Nalcor CEO Stan Marshall says the month of intense, eleventh-hour protests has not changed how Nalcor or the provincial government is going to manage the big picture of the Muskrat Falls project.
Marshall says at this point the best thing Nalcor can do is just get the project done.
He says if there’s any way for Nalcor to stop the project and get their money back, he’d seize that opportunity right now, but no one will get their money back. He says all groups need to work together to get the project done with the least cost at this point. He says for anyone with concerns, his door is open.
When it comes to methylmercury concerns, Marshall issued a challenge to anyone with concerns over methylmercury in Labrador.
He says the Churchill reservoir is the largest in Canada – 2300 square kilometres. He says that reservoir is 60 times larger than the Muskrat Falls reservoir and therefore released 60 times the methylmercury into the Churchill River. He asks anyone to point out a documented case of methylmercury health concerns as a result of the flooding of the Upper Churchill Reservoir.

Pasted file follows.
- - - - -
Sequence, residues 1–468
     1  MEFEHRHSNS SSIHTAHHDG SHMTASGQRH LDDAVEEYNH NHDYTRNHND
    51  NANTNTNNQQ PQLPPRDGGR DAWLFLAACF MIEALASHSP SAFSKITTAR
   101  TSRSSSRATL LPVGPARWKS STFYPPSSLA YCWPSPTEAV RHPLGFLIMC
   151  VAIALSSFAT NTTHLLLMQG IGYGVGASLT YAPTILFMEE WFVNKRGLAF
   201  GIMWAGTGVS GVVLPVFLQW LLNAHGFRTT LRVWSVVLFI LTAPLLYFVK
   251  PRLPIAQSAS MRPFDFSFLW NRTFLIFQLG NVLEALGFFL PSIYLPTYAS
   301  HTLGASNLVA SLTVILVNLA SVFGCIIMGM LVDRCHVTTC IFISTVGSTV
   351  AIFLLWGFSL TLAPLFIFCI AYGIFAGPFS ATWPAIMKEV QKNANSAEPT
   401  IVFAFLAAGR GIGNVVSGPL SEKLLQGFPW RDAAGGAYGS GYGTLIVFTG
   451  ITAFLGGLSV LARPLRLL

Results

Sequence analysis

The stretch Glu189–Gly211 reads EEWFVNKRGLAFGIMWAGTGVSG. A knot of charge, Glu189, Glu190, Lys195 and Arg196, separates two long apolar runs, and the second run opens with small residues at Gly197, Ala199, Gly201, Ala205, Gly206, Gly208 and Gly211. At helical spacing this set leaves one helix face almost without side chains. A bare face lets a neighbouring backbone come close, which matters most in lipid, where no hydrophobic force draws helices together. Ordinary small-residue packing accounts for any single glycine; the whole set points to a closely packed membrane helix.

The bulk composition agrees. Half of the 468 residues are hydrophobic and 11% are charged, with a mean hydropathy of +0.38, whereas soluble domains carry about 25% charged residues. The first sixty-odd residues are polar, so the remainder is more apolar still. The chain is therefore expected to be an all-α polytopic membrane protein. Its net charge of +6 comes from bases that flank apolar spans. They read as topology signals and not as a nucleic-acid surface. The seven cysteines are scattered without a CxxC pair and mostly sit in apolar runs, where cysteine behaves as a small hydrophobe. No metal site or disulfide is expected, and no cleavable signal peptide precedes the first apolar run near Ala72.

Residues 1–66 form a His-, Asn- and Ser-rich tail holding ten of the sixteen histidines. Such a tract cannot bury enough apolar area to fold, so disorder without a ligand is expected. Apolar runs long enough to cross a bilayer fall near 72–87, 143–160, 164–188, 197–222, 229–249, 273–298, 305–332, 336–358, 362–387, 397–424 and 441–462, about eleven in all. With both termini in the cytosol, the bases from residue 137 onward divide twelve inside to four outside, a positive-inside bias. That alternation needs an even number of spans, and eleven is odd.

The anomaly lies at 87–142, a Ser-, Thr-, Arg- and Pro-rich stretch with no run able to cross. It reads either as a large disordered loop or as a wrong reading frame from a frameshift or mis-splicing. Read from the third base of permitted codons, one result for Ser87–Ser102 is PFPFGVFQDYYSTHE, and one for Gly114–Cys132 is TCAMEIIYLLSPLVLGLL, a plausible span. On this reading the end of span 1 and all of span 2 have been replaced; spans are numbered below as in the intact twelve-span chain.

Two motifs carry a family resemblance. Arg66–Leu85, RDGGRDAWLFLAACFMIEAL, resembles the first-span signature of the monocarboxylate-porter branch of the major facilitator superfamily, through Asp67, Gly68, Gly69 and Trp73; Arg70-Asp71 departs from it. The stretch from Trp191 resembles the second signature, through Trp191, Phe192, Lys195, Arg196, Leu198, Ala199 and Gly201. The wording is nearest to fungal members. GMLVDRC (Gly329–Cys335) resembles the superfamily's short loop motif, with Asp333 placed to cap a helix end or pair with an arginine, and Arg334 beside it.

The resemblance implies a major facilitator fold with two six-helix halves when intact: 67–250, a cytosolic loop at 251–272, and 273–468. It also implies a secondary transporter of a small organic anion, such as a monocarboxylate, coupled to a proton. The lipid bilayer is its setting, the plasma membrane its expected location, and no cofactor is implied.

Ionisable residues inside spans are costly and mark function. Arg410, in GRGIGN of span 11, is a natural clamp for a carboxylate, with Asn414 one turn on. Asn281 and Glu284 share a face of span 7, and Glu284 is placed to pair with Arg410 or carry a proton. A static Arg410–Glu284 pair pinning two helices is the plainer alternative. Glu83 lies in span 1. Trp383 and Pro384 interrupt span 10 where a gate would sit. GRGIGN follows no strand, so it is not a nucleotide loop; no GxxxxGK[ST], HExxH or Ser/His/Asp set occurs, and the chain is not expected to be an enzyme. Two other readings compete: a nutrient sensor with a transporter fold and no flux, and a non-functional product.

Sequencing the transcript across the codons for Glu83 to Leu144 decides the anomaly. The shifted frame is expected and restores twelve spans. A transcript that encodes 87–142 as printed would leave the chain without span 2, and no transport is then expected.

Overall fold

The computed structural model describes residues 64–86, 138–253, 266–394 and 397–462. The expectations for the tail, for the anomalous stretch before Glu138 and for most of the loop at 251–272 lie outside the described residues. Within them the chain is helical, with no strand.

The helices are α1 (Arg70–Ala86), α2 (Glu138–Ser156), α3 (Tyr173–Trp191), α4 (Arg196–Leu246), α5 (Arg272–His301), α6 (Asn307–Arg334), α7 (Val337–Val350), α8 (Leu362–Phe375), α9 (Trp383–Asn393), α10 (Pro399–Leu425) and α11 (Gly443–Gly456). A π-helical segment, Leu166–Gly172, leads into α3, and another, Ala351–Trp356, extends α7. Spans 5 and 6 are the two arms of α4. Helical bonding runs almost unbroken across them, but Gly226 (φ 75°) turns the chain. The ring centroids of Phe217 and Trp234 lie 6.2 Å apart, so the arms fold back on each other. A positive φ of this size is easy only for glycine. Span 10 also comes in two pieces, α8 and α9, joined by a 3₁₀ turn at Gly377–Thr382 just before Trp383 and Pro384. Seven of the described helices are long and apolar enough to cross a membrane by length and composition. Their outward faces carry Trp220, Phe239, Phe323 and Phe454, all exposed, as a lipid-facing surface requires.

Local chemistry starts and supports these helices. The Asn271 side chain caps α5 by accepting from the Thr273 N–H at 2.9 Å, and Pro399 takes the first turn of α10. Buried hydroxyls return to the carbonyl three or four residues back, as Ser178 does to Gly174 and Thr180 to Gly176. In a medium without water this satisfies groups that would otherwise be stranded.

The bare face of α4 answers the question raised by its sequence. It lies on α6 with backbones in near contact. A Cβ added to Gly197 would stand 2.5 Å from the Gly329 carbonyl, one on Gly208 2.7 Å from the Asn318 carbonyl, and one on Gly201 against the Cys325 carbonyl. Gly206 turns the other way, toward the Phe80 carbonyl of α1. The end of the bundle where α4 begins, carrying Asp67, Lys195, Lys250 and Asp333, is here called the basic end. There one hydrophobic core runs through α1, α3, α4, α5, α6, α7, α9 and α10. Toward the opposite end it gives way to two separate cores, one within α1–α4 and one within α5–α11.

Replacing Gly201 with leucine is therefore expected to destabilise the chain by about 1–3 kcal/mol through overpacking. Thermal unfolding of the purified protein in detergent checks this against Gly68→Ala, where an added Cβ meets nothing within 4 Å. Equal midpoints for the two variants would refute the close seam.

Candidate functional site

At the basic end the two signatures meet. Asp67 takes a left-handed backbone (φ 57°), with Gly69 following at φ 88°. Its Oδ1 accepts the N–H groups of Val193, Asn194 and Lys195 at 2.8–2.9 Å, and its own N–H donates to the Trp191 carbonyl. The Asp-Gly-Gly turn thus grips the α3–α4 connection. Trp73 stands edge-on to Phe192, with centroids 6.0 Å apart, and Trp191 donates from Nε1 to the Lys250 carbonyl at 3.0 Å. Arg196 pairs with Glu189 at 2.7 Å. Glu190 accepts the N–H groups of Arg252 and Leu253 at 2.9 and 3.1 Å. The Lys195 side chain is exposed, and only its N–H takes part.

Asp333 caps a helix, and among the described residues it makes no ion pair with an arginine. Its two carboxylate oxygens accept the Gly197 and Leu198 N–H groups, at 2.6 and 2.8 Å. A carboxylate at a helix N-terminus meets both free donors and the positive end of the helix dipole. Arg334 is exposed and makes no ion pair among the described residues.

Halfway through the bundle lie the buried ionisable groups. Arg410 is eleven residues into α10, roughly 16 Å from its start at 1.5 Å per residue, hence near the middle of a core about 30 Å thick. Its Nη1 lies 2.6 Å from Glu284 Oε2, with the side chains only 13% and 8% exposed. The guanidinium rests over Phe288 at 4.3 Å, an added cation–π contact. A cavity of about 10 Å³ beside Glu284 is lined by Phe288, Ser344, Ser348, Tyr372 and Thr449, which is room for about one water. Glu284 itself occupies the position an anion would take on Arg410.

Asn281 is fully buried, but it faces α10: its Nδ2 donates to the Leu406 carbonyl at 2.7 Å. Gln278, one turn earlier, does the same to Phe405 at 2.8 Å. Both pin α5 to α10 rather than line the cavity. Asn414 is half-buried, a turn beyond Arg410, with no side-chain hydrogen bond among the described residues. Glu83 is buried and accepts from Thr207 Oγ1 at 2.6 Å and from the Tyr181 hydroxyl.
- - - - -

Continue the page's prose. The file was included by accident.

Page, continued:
Much Left to be Defined Following Agreement: Marshall
Stan Marshall says he welcomes the agreement reached between the provincial government and Indigenous groups last week, but there’s still plenty up in the air about what will happen regarding the Muskrat Falls project as a result.
Nalcor officials were not present at the meeting. Marshall says that’s because it was a matter between the province and Indigenous leaders and he was in contact with Ministers before and after the meeting. Marshall applauds the people who were at the table for coming to an agreement.
In terms of impact on timelines and costs of the project because of the agreement, Marshall says it’s too early to say.
He says there’s still much left to be defined about what work is required to be done as a result of the agreement.
When it comes to removal of topsoil from the Muskrat Falls reservoir, Marshall says for all they know, it could make the situation worse.
He says it would definitely be more expensive, definitely more delays. He says there’s no evidence to suggest that it would actually improve the methylmercury situation. He says the soil is not going to be removed from Labrador, it’ll have to be piled up somewhere else. He says with the soil then exposed to the elements, it could very well make the situation worse.